She also shared why some women equate domestic labor with kindness. “I believe many women have been taught that doing labor for someone else shows your love to them. It is ingrained in us in so many ways in our society that we are raised to believe that is how you show love when in reality there are many ways to show love and doing domestic labor does not have to be one of them,” she told Upworthy.

Paige’s video proves that we all have different ways of expressing our love for our significant others and that for women, it can be a lot more than taking on more of the domestic load. As Paige notes in the video, what starts as kindness can quickly devolve into a job and then resentment.

@lexnielson/TikTok

He's just groom.

Coles Prince stood up in front of his wedding guests and announced that his bride, Jordan, told him that she would like to be serenaded by him once on their big day.

And because his mom “didn’t raise no fool,” he happily obliged with a completely groom-ified version of “I’m Just Ken,” famously sung by Ryan Gosling in the “Barbie” movie.


A clip showing the performance was captured and posted to TikTok by the ceremony’s photographer and videographer team, Lex & Trev Photo + Film, and it has quickly become an internet sensation.

Complete with a sparkly cowboy hat, backup singers, and some impressive wordsmithing, this groom left no stone unturned when it came to delivering an unforgettable performance.

Watch:

@lexnielsen IM JUST GROOM 🤵🏻‍♂️📢🤠 #weddingtiktok #imjustken ♬ original sound - Lex Nielsen

Isn’t that the greatest thing ever? Others thought so too.

"This is glorious, glorious Kenergy," one person praised.

"Marry him again" added another.

Prince shared with Good Morning America that he chose “I’m just Ken” as his cover song because it “conveyed what it was like to get married, specifically from the groom's point of view."

"Being Ken is very similar to being [a] groom. I think I can make this work. So I started by changing the lyrics 'I'm Just Groom, number two person in the room' and it kind of took off from there," he told GMA.

Seems like Prince has some pretty good instincts here, because his song brought so much joy not only to his bride, or his wedding party…but to thousands of strangers as well.

And now the real question on everyone's mind: how can we get Gosling to see this?

via Reddit

Who deserves the seat?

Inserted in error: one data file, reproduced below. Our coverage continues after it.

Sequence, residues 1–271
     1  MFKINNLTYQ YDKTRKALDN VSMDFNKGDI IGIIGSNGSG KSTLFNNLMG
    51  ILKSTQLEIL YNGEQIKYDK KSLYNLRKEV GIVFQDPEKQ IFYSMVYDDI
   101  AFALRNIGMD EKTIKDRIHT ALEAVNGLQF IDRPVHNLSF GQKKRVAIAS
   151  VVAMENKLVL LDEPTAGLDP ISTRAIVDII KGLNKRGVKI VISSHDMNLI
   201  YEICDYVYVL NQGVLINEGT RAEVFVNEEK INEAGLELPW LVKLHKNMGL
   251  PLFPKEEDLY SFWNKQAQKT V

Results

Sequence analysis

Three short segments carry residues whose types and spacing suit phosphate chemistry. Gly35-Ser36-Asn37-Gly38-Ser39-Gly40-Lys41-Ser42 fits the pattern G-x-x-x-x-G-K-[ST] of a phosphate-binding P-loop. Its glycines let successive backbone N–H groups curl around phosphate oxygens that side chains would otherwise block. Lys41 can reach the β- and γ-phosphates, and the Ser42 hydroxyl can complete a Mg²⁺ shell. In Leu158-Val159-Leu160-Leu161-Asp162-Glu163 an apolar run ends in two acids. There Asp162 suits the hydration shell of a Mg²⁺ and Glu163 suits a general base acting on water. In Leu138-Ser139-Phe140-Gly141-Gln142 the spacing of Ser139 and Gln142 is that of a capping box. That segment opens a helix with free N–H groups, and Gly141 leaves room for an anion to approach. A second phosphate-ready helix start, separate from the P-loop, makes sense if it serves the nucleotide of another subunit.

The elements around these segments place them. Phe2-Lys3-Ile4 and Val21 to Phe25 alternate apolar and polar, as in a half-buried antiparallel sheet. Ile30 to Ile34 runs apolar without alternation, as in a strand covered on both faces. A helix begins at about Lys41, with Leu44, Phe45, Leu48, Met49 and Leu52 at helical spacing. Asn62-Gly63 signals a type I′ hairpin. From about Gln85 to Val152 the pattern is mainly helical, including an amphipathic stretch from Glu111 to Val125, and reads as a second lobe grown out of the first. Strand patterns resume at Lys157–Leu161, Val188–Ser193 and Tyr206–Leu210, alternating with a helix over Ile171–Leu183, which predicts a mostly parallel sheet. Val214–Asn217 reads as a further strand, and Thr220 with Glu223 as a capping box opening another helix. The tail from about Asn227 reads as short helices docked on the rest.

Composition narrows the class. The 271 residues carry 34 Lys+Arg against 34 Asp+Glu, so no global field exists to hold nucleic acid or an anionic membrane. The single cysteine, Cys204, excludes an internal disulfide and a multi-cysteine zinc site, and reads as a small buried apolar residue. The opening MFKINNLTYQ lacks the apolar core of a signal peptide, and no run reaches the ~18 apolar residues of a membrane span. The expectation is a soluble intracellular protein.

A thought-provoking meme is going viral on Reddit that has people debating over who to give your seat to on a train: a mother holding a baby, an elderly woman with a cane, or a man on crutches. The poor guy dealing with the dilemma appears to be traveling to or from work with a briefcase in his hand.

As everyone knows, it’s a common courtesy on a packed train or bus to give up your seat to people with babies, the elderly and those who are disabled or injured. So, in this scenario, everyone has a right to the seat; who is the most deserving?

The woman with the baby has her hands full and her little one is sleeping. It’d be nice for the man to give her a stable seat to take a load off and help the baby sleep throughout the ride. Plus, nobody wants to ride the train next to a cranky baby.

The elderly woman also deserves the seat because she is probably tired and needs to take a load off. She gets extra points because, as a society, we tend to go out of our way to help seniors. What would happen if she fell while standing on the moving train?


Finally, the guy with the crutches also deserves the seat because he has to expend a lot of effort just to stand up and his arms have to be tired from helping him get around with the bum foot.

funny memes, reddit, moral dilemma

Who deserves the seat?

via Reddit

One guy thought the man should let the 3 people looking to take his seat decide. "It's better to just get up and let them fight amongst themselves,” Kron123456789 wrote. "Leave the seat and leave the decision to the three,” Aggravating-Pound598 added.

Others thought that the 3 people staring at the seat appear angry and don’t deserve the seat. "If they're looking at me like this, they better keep standing 'cause I ain't going anywhere,” falsebaby8268 wrote. "They don't have any right to the seat, it's only out of generosity that someone can offer the seat. You are not obligated to generosity in general and towards hostile people in special,” gerMean added.

Some thought that all things being equal, the person with the best attitude should get the seat.

"The politest person gets the seat,” Logical_Dragonfly_92 wrote. "If they all look at me with such arrogant expressions of entitlement, I'd keep my seat for myself. Otherwise, I give it to the person that seems most in danger or in pain of them,” AhmedAbuGhadeer added.

There were more than a few people who thought the man on crutches was most deserving of the seat but were weirded out by his uncanny resemblance to Adolph Hitler. "Honestly, crutches Hitler probably needs it most, from a medical POV. Falling on a broken leg is no bueno. Mamma and grandma got 2 feet,” BadluckBrians wrote. "If you don’t want to fall on a broken leg, you probably shouldn’t have attacked Poland in 1939," Understepped added.

This person may have the best response.

"I'd offer to a lady with an infant as this will help two people," Barneyishere1 suggested.

The man's dilemma in the meme seems like the Kobayashi Maru on “Star Trek,” a test that Starfleet Academy cadets take to determine how they would behave in a situation without a solution or a “no-win” scenario. "The purpose [of the test] is to experience fear, fear in the face of certain death, to accept that fear and maintain control of one's self and one's crew. This is a quality expected in every Starfleet captain,” Mr. Spock once said.

According to Spock, behaving correctly and maintaining control is the key to coming out ahead in a situation where you can’t win. If we extend that logic to the problem our friend on the train faces, being that there is no right or wrong answer, the key is to handle it with as much poise as possible. And then hop off the train at the next exit.